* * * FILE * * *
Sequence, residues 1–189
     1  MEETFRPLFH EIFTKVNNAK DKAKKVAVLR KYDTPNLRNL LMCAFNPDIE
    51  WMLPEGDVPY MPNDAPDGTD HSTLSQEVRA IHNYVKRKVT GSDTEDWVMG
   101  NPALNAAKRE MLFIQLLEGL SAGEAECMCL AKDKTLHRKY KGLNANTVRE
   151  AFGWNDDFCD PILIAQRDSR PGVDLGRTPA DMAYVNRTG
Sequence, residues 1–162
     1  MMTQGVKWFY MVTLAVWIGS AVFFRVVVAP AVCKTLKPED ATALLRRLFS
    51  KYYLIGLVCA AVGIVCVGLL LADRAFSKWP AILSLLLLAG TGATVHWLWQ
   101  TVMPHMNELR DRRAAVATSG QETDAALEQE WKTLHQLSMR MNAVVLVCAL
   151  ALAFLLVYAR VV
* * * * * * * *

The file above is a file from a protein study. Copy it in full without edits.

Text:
Sequence, residues 1–189
     1  MEETFRPLFH EIFTKVNNAK DKAKKVAVLR KYDTPNLRNL LMCAFNPDIE
    51  WMLPEGDVPY MPNDAPDGTD HSTLSQEVRA IHNYVKRKVT GSDTEDWVMG
   101  NPALNAAKRE MLFIQLLEGL SAGEAECMCL AKDKTLHRKY KGLNANTVRE
   151  AFGWNDDFCD PILIAQRDSR PGVDLGRTPA DMAYVNRTG
Sequence, residues 1–162
     1  MMTQGVKWFY MVTLAVWIGS AVFFRVVVAP AVCKTLKPED ATALLRRLFS
    51  KYYLIGLVCA AVGIVCVGLL LADRAFSKWP AILSLLLLAG TGATVHWLWQ
   101  TVMPHMNELR DRRAAVATSG QETDAALEQE WKTLHQLSMR MNAVVLVCAL
   151  ALAFLLVYAR VV